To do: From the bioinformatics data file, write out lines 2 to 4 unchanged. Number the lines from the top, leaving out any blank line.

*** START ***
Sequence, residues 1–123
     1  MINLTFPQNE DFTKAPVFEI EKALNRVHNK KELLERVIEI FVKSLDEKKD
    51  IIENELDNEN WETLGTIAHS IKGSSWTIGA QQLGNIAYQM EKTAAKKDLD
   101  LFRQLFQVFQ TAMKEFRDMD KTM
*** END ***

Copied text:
     1  MINLTFPQNE DFTKAPVFEI EKALNRVHNK KELLERVIEI FVKSLDEKKD
    51  IIENELDNEN WETLGTIAHS IKGSSWTIGA QQLGNIAYQM EKTAAKKDLD
   101  LFRQLFQVFQ TAMKEFRDMD KTM